To read the entire story visit American TrailsLeaving New York State Parks.

2010 State Trail Advocacy Award for New York

Ivan Vamos

Ivan P. Vamos
Ivan Vamos retired in 1993 as the Deputy Commissioner for Planning and Development for NYS Office of Parks, Recreation and Historic Preservation (OPRHP) where he was responsible for land and water resource management, development, planning, construction, land acquisition, and environmental programs for more than two decades. He worked for State Parks, Conservation, Transportation agencies, the military and private firms for 48 years. During his tenure with State Parks, Ivan was more than a Deputy Commissioner but a person who was a true advocate for trails from the office and in the field...

To read the entire story visit American TrailsLeaving New York State Parks.

2010 State Trail Worker Award for New York

Eddie Cribbing

Eddie Walsh
Eddie Walsh, a member of the New York-New Jersey Trail Conference (NYNJTC), has been assisting with trail development and maintenance since an early age. Over the years his passion for trails has led him to become a leader in both training volunteers in the various skills for trail development and coordinating the actual on the ground work. Eddie has been building trails professionally since 1993. Before founding Tahawus Trails LLC he was employed by many Northeast trail organizations including the NYNJTC, the Adirondack Mountain Club (ADK), Appalachian Mountain Club (AMC), Appalachian Trail Conservancy (ATC), Maine ATC, GMC and RMC. Within the NYNJTC, Eddie has also supervised the Twin Forts Steps Project, Popolopen Creek Bridge, Southfields furnace bridge, the Wappinger Greenway Trails Project, Closter Nature Center Trails project and the Echo Lake Handicap Accessible Trail Project and the Bear Mountain Trails Project. He has also taken on many private trail contracts...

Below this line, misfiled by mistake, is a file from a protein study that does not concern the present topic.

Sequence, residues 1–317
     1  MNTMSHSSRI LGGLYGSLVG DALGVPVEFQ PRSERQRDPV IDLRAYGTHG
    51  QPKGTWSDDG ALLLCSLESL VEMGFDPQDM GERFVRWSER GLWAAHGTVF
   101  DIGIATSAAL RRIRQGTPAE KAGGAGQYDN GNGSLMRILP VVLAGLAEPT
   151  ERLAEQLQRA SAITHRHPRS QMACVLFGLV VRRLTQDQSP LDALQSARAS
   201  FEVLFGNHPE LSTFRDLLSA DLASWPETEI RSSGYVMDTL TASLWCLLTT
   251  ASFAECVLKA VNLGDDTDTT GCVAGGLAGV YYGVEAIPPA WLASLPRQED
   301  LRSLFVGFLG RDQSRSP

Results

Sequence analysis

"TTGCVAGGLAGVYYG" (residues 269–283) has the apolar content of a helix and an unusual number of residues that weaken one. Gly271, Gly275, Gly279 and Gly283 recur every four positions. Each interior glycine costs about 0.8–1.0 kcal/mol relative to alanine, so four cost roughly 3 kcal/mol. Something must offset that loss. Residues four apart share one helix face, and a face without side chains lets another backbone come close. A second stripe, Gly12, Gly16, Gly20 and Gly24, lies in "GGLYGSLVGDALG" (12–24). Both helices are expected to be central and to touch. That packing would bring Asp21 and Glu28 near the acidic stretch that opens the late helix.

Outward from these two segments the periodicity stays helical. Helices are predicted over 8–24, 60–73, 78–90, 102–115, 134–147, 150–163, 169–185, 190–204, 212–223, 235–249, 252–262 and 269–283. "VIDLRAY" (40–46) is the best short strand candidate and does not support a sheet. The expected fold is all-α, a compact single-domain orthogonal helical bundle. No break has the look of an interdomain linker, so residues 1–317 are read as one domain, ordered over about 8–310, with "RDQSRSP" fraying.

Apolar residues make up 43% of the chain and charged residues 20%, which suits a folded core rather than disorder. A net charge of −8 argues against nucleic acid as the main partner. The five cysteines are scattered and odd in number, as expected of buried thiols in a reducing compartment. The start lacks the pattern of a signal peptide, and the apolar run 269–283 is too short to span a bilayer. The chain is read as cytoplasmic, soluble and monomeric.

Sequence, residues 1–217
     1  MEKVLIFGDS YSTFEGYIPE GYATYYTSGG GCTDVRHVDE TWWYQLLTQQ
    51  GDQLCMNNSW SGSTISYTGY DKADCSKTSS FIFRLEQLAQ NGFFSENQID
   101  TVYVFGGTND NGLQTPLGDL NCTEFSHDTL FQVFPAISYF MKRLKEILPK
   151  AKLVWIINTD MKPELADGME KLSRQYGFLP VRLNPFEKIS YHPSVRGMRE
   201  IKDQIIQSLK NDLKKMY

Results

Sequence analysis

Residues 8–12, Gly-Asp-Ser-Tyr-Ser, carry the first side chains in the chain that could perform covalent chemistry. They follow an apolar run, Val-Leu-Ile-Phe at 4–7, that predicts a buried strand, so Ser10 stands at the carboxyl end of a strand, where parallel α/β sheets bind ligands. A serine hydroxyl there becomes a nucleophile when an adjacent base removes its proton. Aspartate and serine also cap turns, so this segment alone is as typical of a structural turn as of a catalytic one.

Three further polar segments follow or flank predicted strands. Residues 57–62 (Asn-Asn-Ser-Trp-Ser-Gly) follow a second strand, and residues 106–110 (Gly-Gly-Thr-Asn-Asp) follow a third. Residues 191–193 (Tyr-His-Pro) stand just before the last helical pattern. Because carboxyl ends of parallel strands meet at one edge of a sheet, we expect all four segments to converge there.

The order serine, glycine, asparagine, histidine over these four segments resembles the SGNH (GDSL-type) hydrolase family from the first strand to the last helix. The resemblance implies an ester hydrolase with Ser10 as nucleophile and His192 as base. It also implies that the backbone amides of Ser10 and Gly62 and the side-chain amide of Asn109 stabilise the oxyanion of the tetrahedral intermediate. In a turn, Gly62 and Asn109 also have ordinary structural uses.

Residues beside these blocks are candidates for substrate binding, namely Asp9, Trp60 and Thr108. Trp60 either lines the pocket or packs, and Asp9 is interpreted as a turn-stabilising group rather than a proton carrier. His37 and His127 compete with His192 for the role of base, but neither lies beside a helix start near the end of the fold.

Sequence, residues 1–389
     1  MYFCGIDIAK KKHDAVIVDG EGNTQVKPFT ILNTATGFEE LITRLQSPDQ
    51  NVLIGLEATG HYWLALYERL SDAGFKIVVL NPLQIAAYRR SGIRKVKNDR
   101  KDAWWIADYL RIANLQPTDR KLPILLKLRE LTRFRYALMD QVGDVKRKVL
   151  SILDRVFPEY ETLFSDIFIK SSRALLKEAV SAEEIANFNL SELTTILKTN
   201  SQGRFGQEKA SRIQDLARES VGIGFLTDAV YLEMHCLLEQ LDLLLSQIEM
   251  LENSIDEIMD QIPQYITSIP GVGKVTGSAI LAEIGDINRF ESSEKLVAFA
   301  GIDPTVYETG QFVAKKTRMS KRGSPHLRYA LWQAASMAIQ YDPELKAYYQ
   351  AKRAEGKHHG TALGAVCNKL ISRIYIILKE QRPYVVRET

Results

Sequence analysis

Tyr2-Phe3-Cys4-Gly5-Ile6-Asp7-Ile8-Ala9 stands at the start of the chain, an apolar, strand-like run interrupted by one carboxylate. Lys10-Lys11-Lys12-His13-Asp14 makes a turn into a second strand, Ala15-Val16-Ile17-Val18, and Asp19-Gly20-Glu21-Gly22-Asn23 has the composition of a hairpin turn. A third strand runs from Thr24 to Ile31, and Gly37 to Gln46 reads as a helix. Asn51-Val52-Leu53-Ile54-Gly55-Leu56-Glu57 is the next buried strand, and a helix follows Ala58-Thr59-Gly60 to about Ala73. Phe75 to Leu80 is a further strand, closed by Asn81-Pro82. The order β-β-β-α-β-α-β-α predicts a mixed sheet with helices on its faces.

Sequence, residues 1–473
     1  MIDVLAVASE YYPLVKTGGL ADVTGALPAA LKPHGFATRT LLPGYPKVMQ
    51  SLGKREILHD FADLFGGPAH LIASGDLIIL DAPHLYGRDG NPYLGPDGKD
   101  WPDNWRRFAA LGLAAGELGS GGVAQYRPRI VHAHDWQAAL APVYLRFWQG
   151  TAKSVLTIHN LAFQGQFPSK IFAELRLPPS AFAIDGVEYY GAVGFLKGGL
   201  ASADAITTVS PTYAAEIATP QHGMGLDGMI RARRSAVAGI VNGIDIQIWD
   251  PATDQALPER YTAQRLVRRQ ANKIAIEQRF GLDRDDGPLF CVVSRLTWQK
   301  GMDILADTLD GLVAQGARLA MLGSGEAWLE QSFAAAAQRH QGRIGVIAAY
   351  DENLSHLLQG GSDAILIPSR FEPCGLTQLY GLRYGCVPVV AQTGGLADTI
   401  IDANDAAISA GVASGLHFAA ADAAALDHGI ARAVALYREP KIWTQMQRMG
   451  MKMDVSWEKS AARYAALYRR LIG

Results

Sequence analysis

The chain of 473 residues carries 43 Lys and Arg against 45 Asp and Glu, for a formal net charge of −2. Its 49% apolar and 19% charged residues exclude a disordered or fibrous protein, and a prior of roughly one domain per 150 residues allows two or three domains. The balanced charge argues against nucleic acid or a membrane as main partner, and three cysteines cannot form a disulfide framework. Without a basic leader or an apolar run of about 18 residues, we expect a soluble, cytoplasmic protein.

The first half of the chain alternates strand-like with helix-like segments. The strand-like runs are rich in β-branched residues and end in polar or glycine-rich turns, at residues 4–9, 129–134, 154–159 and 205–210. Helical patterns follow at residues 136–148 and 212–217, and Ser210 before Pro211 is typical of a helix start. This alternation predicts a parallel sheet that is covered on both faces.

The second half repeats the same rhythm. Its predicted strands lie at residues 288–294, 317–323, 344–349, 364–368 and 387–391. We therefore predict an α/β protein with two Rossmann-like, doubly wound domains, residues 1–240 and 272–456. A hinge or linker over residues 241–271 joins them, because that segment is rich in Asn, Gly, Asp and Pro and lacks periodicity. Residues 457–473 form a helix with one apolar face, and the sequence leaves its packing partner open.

To read the entire story visit American TrailsLeaving New York State Parks.

RTP Annual Achievement Awards

The Coalition for Recreational TrailsLeaving New York State Parks (CRT) selects winners for the "Annual Achievement AwardsLeaving New York State Parks" in recognition of outstanding use of Recreational Trails Program (RTP) funds.

2009 Environment and Wildlife Compatibility Award

2009 RTP Annual Achievement Award Michael Vitti

Highbridge Park Project in New York City
A 2005 RTP award was utilized to create bicycle trails at Highbridge Park in New York City, marking the first time that bicycles have been allowed in New York City parks since 1991. The project was completed in 2007. The standards recommended by the International Mountain Bicycling Association convinced the City's Department of Parks and Recreation that professionally designed mountain bike trails could be built and maintained in New York City parks.

Highbridge Park was chosen as it was seen as underused for recreation and had long been a draw for illegal activities. At the same time, the recreational needs of the neighborhood youth were being underserved, increasing their long-term health risks and the costs for the city. Concerned Long Island Mountain Bicyclists (CLIMB) decided to not only focus on mountain bike trails, but also on BMX facilities, to increase the community's connectivity to the park...

To read the entire story visit American TrailsLeaving New York State Parks.